Their investments have done very well (just lucky timing to be honest). From your recent podcast I could pick up that you are not a massive fan of this fund (it invests in guns etc) and I know that there are performance fees as well. What would be other options in the technology space, just a simple Nasdaq ETF?
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Cleaned bleeped show is below.
Win of the week is Hannes for sharing a great car financing tip.
For anyone interested in calculating car affordability (because some of us love cars and it’s also our hobby, not just a means of transport), Dave Ramsey has a cool rule stating that you can afford the car ONLY if you can tick off all three of the following:
– You are able to pay a minimum of 20% deposit on the car.
– You are able to finance it for a maximum of four years (48 months).
– The monthly repayment (after 20% deposit and a max four-year term) is less than or equal to 10% of your gross monthly salary.
I’ve done the math like this and it removes a lot of the thinking involved in buying a car, especially if you’re a petrolhead. Use it / don’t use it. 🙂
I received my very first dividend from my Ashburton 1200 in my TFSA today (yay), but I was quite shocked to see I paid 26.76% tax.
That seems like an extremely high price to pay for a tax free account – I was under the impression it would be much lower. I do know we are subject to foreign dividend tax, but considering this is how much tax one is paying… is it even efficient to put ETFs like the Ashburton 1200 in a TFSA? Surely (if your finances allowed it) it would be significantly better to fill your tax free with local ETFs and all foreign ones outside of it? Or is the advantage of not having to pay capital gains tax so great that it completely out-shadows the tax on dividends (and the growth that taxed amount would have had)?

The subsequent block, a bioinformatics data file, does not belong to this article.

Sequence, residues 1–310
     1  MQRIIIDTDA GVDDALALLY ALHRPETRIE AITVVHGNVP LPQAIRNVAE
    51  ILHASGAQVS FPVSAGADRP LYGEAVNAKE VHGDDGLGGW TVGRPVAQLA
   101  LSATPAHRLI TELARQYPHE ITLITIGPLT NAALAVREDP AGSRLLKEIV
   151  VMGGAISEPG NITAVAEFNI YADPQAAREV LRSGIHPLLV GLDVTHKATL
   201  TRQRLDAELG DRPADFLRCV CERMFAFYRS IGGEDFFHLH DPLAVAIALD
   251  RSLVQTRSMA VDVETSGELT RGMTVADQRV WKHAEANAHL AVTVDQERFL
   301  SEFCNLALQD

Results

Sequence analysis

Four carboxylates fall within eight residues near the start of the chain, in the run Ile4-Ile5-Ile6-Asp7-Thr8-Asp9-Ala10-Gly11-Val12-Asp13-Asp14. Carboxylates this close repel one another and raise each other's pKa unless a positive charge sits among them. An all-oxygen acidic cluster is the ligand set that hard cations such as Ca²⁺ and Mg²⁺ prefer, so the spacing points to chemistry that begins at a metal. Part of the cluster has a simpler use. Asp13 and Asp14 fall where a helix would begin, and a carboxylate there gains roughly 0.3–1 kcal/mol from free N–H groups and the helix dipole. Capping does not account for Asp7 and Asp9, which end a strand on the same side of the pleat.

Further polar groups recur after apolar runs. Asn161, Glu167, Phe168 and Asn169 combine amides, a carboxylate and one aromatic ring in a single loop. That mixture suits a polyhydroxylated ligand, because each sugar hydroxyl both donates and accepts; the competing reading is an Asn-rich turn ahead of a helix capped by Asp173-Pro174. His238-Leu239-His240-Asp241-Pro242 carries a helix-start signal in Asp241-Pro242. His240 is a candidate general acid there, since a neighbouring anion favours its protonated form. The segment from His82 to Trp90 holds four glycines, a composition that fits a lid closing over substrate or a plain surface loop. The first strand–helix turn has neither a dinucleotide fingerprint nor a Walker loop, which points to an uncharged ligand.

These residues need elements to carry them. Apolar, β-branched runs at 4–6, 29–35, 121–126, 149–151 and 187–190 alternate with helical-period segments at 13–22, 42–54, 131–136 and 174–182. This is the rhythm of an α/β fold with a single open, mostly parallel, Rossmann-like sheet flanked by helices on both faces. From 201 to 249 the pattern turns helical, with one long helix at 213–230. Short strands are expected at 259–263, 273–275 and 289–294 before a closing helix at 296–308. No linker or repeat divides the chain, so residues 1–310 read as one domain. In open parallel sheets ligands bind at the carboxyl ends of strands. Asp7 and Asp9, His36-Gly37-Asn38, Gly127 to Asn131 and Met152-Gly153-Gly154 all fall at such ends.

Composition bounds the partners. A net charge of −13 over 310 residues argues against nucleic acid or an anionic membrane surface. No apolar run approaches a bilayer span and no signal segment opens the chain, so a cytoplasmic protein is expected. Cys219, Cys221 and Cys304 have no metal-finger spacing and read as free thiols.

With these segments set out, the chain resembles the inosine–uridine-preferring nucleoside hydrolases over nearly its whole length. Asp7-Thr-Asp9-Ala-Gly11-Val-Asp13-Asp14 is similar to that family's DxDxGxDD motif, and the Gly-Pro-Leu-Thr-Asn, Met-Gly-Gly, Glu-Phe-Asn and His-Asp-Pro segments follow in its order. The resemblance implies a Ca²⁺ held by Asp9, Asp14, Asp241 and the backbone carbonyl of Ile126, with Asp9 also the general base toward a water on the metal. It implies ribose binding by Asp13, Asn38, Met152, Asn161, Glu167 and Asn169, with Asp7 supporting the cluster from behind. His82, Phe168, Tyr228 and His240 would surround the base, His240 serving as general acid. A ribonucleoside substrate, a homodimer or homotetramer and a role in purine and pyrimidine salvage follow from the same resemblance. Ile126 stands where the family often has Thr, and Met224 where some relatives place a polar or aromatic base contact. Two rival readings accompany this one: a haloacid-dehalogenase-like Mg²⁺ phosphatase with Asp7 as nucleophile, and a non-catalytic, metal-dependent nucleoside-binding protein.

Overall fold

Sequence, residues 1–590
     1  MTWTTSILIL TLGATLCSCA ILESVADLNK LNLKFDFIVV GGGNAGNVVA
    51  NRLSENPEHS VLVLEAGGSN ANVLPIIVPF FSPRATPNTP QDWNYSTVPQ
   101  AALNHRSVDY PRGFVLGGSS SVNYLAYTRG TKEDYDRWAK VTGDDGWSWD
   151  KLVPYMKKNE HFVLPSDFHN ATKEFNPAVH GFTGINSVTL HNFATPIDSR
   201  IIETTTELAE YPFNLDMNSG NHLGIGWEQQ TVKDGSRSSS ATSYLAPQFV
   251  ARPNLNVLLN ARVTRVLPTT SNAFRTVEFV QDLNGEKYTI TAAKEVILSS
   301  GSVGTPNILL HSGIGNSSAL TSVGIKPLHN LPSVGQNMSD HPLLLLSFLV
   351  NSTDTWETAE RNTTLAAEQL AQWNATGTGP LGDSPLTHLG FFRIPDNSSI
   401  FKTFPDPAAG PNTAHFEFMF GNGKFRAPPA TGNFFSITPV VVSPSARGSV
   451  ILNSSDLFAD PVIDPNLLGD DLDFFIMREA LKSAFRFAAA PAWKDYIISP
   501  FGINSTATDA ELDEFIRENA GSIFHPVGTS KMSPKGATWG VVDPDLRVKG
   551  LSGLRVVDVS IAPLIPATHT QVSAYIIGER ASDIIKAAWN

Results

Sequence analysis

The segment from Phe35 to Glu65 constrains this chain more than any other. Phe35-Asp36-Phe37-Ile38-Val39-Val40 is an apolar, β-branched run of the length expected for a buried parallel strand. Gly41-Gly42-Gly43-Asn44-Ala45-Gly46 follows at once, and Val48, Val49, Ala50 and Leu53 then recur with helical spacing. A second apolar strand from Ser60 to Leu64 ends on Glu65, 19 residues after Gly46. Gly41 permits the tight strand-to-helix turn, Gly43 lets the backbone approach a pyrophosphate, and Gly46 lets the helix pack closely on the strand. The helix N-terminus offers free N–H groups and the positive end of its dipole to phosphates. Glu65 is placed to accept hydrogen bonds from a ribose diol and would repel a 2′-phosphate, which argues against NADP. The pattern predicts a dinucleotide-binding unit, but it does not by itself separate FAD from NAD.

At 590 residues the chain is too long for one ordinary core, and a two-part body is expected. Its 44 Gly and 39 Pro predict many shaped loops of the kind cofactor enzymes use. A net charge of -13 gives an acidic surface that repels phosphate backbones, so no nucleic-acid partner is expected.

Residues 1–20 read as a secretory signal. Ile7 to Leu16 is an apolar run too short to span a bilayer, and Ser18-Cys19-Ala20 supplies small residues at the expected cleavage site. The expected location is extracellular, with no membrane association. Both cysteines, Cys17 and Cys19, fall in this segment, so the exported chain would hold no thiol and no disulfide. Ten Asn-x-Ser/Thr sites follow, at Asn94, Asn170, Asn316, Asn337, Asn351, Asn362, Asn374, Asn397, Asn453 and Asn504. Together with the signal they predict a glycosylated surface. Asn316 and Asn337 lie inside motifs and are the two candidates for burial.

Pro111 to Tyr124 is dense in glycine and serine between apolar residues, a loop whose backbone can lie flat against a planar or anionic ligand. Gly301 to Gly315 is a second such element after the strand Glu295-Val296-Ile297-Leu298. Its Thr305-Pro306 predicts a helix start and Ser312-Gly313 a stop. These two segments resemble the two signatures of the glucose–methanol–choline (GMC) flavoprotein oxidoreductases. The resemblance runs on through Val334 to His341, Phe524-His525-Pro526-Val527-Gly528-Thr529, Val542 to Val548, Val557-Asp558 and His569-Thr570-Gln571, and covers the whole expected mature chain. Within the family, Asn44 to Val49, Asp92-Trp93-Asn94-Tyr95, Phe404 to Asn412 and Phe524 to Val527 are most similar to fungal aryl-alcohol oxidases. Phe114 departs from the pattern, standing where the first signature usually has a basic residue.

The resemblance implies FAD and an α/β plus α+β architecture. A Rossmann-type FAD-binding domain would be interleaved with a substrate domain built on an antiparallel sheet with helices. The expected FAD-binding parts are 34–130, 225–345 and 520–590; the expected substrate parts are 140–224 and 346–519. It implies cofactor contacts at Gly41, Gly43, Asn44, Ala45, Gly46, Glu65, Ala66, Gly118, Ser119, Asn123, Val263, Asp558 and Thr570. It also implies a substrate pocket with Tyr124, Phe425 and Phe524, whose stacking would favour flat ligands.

I’m curious what difference this tax would make over a period of 40 years, conservatively assuming the growth of the Ashburton 1200 was the same as that of the Satrix 40 (and assuming dividends are reinvested).
I have an offshore investment with Allan Gray. The money split between Orbis Sicav global balanced fund and Nedgroup Investments Core Global fund.
I wanted to make an additional contribution, and had a relook at the fees. TER 1.08 and admin fee of 0.5%.
It the investment worth the fees? Should I rather stick to ETF in EasyEquities?
Ned inherited R2m.
With such a large amount of money, the fear of investing is damn real. My biggest fear is that I find myself fiddling around with my money until I find myself in a “ah fuck” situation. As a result, I have over R1.9m just sitting in cash. I realise this is a bad thing and I plan to move it all to EasyEquities, minus the emergency fund.
The real fear comes in with my discretionary investments.
I’m 29 and a major career improvement is imminent if all goes well. This will bring with it a MASSIVE change in salary. The plan is to continue dumping all my excess salary into tax free and thereafter discretionary investments. I’m not too sure about an RA at this stage as this is something else I’ve been putting off.
The only real investments I have outside of the tax free are about R18k in Ashburton 1200, top 40 and mid cap ETFs through FNB which I’ve been contributing to since about 2014/15.